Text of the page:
I’m definitely more at home with a diary than a dairy. I only mention this as the app I downloaded for my iPhone, called ‘My Day Journal’, doesn’t seem too sure of the difference (just in case the screenshot on the left is too small to read, it says ‘My Dairy’!)
But back to diaries.
Do you keep a diary? If so, how long have you kept one? Why do you keep it?
When I was in hospital, following the birth of my son, one of the nurses suggested I ought to keep a diary of the events while I was in hospital and during the next few weeks. She said that although most people thought the birth and early days of their child’s life would be imprinted on their memory, they would actually forget. I was one of those who thought I would remember every detail but I decided to take her advice anyway. And I’m glad I did as twenty-six years later, I don’t remember a lot but not every little thing. One day, my son may be interested to see what I wrote about the start of his life.
I also decided to keep a diary whenever we went on holiday, so I would remember people and places. During dark evenings, I can relive sunny days in exotic places, which I might otherwise have forgotten.
Since my husband and I retired, I keep a note of things we’ve done each day. Sometimes, it’s little more than a list but the purpose is to keep me on my toes! I want to check that I’m not wasting a precious moment of my life.
So, I’ve kept diaries to inform my son of his beginnings, remind me of lovely family times and to help me make the most of the time I have left.
As an example of how easy it is to forget things that have happened in my life, I don’t remember keeping a diary before my son was born but during our recent tidy up, I found two diaries. One was written by me when I was ten, in Swanage, Dorset on a school trip. It prompted me to remember that after dinner in the evening, we had to write an entry in our diaries recording the day’s events. The ten year-old me didn’t enjoy writing – and that’s an understatement! It’s obvious from what I wrote that I had to fill a page with words and make it look like I’d written something meaningful about the day. Well, I’d barely filled each page but as for meaningful…! The details were sketchy and non specific, which is a shame as I had a fabulous time in Swanage.
The second diary was written by me, age seventeen, while I was on a school trip in Russia – but more of that tomorrow…
Back to Swanage. Finding the diary made me try to remember where we went and what we did. Here are a few of my memories:
My first memory had nothing to do with Swanage and took place on the coach journey from Ilford, Essex to Swanage. On the way, we stopped at a service station at Chichester. One of the boys decided to buy a chocolate bar from a vending machine and was most exasperated when he inserted the correct money but it didn’t dispense a chocolate bar. In fact, he was so frustrated, he thumped the machine. Thankfully, the machine responded by dispensing his chocolate bar… and then another… and then another. Chocolate bar after chocolate bar shot out of the slot and there was soon a crowd around the machine, taking advantage of the free booty. I don’t remember taking one but it stuck in my mind anyway.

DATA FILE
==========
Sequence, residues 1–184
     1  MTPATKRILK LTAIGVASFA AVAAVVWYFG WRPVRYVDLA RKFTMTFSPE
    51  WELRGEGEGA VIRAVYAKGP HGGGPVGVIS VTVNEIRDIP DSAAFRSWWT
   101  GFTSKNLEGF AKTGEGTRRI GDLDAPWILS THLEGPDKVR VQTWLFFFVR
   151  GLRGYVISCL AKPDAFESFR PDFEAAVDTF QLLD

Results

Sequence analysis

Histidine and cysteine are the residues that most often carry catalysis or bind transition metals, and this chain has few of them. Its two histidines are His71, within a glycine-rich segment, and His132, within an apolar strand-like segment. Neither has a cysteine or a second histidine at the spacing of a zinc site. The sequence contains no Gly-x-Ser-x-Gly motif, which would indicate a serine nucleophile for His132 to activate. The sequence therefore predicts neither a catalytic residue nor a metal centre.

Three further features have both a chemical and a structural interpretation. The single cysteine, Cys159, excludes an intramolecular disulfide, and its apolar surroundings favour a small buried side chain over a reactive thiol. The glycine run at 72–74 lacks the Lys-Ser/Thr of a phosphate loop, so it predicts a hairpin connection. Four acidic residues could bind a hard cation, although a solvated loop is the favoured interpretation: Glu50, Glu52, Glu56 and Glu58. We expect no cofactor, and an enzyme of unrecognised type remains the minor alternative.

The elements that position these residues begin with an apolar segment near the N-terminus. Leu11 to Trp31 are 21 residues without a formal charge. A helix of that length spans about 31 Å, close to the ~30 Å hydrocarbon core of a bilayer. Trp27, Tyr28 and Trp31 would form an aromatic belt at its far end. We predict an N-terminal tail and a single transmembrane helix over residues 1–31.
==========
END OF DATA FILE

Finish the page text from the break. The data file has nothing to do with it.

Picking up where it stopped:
Further along the road from the hotel we were staying, was a footpath which led to an enormous limestone globe and the Tilly Whim caves. Why did I remember this? Well, probably because of the size of the globe which to a small ten year-old was enormous, and the name ‘Tilly Whim’, which to a silly ten year-old was a rather absurd and amusing name.
Another strange memory was having a bath in the hotel. There appeared to be one bathroom available to the girls and we were warned to make sure we didn’t use much water. I expect the teacher was trying to stop us filling the bath and using all the hot water but I took the warning literally and when it was my time to have a bath (we were allowed one during the week!), I ran such a small volume of water, most of it was absorbed by my flannel when I dipped it in. Exactly how I managed to clean myself in such a small volume of water, I really can’t imagine. I must have emerged from the bath merely damp.
But I do remember that there were lots of wonderful places we visited, such as Durdle Door, Old Sarum, Salisbury Cathedral and one place that I really loved was Corfe Castle. There is thought to have been a wooden castle on the site going back to 979AD and it was rebuilt in stone by William the Conqueror in the 11th century, so it is steeped in history. The stark, grey ruins are perched high on the hill overlooking the Dorset countryside and although at the time, I didn’t like writing, I had an active imagination and I appreciated the history and romance.
More diary thoughts tomorrow…
Another building which may have originally been a wooden building but was later rebuilt in stone, although a century later than Corfe Castle, is St. Nicholas Church, Laindon with Dunton. This beautiful church perches on top of a hill and is the setting for my ebook ‘Daffodil and the Thin Place’. If you’d like to support our attempt to renovate and maintain the ancient building, please buy a copy of ‘Daffodil and the Thin Place’ from the Muse It Up Publishing website, here #MuseItUp #DaffodilAndTheThinPlace